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2022 Money Confessions: My Short-Lived Dream of Feeding Kakamega Town
2022 Money Confessions: My Short-Lived Dream of Feeding Kakamega Town
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2022 Money Confessions: My Short-Lived Dream of Feeding Kakamega Town

Money254
Michael Muyoma
December 26, 2022

The year has been nothing short of a roller coaster for me and this regards all aspects of my life. 

I have made bold decisions, some in the heated spur of the moment and some after careful calculations and the results are all a balance of good bad, regrets and lessons learnt. 

To be a man and to be Kenyan is to always take everything in stride and with a pinch of salt.

Still staggering from the side effects of the pandemic, I made what I now consider as an ill-timed decision to leave the city. This was in the backdrop of relentless advice not to do it because my state of mind was not in a good place.

I was dealing with joblessness in the only way I knew how to do it - heavy drinking and even the savings I thought were sustainable for me were barely enough to start and fund a business venture from the ground. 

I had a narrow vision and a stubborn head at that point and the only voice I listened to was mine. No business can stand on a half sober mind, a clear head is always invaluable if you ask me.

Settling in the Village

Kakamega is a town that bristles and bursts. She grows quickly by the day. Today you are staring at a derelict piece of land, tomorrow there is a four-star hotel there with roots, stems and branches. 

Every arable piece of land is slowly being converted into commercial use and this is where I thought my entrepreneurial skills would come in. I wanted to grow enough food to feed the whole town on a fertile piece of land that my family owns. 

I moved from Nairobi, half sober like the saint patron I am and began work on the farm. Fencing, digging a well, buying dog breeds - you get it. I was riding on a good wave.

Everything was mapped out. I wanted an organic farm and this meant that I had to collect manure and dump it on the piece of land which had been rendered almost infertile by use of synthetic fertilisers. This was the easy part. 

The hard work was fencing and digging the well. First off because the patch of land is rocky and the price for digging the well escalated from Ksh20,000 to almost Ksh 60,000. 

Fencing a piece of land should be listed on the 1000 ways to get a man broke especially if it sits on an uneven piece of land. 

Breed dogs eat like possessed demons and before I knew it, I was feeling the pinch. My small kitchen garden was doing well but it was barely enough to feed a whole village let alone a town. 

My capital meanwhile was growing legs and my little liquor habit had quickly morphed into puberty. I was spending and spending without an inflow of cash which was only serving to make me more depressed, more miserable and desperate. 

You can say I never really settled.

Crucial lessons

A wise man learns from his folly and I had to have a meeting with myself - over a beer of course. 

I played both protagonist and antagonist in the meeting. Poked holes in my perfect plan that I should have poked earlier and I found myself falling short. 

I was chasing after fools gold with the budget of a church mouse, every end was bound to be loose. 

See I went to law school, which I finished and lost taste in practice. I was a better writer than a lawyer. The only knowledge I had about running a farm stemmed from growing up in one and watching how my grandmother worked.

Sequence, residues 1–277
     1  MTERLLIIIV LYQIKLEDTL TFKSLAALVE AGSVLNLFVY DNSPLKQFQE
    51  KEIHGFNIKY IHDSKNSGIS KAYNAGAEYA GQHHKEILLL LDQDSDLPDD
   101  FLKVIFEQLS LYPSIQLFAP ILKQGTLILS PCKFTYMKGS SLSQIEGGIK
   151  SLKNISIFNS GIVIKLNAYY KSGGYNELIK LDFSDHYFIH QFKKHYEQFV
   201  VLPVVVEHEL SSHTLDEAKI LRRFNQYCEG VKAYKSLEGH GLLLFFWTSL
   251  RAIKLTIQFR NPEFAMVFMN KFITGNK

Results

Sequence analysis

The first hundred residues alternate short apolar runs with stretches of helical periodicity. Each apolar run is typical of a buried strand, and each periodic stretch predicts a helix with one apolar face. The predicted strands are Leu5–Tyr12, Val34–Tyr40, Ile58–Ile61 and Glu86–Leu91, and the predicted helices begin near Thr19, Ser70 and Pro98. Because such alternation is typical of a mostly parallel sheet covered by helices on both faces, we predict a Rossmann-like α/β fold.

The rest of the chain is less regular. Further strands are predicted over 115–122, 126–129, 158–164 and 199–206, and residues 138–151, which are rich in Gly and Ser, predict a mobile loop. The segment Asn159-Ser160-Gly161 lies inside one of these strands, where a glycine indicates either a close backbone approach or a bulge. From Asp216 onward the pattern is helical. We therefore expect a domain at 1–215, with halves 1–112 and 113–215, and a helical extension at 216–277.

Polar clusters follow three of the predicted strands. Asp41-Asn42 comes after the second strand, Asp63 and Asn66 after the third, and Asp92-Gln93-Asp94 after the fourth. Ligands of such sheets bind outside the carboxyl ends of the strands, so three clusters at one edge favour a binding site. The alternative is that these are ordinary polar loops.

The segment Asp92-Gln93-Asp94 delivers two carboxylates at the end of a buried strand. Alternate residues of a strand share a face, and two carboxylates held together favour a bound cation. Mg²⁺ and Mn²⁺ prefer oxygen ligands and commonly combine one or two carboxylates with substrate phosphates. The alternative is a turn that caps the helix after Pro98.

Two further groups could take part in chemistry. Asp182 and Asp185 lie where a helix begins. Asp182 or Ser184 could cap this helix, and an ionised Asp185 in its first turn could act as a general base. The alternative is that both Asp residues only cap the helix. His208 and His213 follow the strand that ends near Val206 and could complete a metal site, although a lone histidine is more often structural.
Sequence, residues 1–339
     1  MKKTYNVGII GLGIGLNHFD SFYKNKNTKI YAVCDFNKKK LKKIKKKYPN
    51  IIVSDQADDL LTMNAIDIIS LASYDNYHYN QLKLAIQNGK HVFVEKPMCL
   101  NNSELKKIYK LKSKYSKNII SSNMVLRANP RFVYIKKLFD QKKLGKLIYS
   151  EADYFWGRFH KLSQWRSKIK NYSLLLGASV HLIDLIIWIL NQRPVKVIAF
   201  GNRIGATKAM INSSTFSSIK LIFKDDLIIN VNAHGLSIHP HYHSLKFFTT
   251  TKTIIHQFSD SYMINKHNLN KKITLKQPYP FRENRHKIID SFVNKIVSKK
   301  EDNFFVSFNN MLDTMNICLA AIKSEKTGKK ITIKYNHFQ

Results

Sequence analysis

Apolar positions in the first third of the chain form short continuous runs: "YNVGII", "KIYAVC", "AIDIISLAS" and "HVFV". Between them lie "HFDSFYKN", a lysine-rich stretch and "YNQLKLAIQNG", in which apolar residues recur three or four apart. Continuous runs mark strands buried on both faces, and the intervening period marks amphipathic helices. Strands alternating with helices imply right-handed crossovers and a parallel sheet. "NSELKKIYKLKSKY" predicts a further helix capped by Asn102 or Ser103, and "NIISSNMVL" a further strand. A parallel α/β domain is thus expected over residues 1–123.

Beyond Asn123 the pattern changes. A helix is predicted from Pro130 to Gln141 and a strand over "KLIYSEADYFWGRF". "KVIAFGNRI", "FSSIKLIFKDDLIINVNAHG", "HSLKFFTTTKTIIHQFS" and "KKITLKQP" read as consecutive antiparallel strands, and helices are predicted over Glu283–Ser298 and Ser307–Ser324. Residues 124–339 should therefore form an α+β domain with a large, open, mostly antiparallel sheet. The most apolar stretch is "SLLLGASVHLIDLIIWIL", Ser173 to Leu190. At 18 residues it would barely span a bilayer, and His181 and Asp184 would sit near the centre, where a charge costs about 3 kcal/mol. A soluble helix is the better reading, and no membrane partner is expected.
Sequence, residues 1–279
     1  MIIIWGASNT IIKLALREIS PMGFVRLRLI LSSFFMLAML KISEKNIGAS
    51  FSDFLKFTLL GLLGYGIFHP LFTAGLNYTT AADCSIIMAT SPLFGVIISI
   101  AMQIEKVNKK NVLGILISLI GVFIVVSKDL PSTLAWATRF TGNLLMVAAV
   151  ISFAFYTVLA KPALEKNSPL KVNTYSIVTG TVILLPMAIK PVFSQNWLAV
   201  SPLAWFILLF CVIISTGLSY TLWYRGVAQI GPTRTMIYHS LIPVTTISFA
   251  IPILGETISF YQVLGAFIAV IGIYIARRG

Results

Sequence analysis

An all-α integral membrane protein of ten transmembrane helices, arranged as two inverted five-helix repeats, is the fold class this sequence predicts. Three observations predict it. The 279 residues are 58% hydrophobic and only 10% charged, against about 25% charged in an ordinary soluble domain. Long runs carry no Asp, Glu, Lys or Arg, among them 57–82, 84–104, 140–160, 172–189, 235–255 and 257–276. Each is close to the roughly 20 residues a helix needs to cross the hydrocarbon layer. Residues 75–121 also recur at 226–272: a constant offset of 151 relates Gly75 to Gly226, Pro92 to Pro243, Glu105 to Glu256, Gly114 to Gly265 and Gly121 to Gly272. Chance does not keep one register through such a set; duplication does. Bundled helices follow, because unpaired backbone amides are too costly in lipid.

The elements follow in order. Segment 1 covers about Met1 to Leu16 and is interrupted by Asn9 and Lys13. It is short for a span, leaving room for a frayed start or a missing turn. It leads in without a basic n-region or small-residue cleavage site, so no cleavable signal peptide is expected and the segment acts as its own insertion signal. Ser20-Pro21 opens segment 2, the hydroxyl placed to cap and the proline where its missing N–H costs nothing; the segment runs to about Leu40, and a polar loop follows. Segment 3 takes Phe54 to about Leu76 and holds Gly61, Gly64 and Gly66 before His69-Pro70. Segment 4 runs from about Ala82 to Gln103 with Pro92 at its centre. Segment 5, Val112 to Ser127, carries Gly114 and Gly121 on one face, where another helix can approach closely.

My grandmother has been dead for more than 12 years during which farming has evolved. I was a blacksmith trying a hand in the stock exchange and there was only one result at the end of the day. 

I would flunk. I flunked.

Farming is a continuous process almost like building a city. It does not start and end in one day, you can ask the Romans about this. It is tedious and painstakingly slow. 

Word on the street says that one should be willing to spend more than three years of their lives investing in a farm before they can even start breaking even. I didn’t know this. 

I didn’t even understand the dynamics of the market. I just barged in purely on instinct and a desire to make money. 

You can only make money if you are willing to undergo the process. When money becomes the chief motivator, one becomes irrational and impatient - big vices in business.

I had to have a clear head to function. I wasn’t going to have a clear one in a place that was dysfunctional to my mental and financial state. 

Startups have a bad history in Kenya, not just international ones but also domestic ones. 

The laws are not refined around them and aside from that, most people that get into entrepreneurial ventures are unqualified to run the most basic of village shops. I paid a hefty price with my money and my time.

Way forward

It is a good idea to have a proper reconnaissance of the business venture. It is important to understand how business dynamics evolve, to have an open ear to advice and work with a clear head.

Savings are never enough, money trickles out faster than it trickles in and if there isn’t a way to stem this, one is likely to have their wells run dry.  

The streets say that there are no better lessons than those you learn at the rock bottom. A wise man will enjoy the process of the climb up again, a foolish person will only dig oil wells.

I had to come back to the city again. To look for resources and while at it to learn all I can learn about business. 

Kakamega is still growing. People still need to eat and when the time is right, I will be back at it again, there can be no mistake this time. 

Lightning doesn’t strike the same place twice but when it does, there is always a fatality. 

I cannot be part of a failed statistic again. 

Hopefully not.

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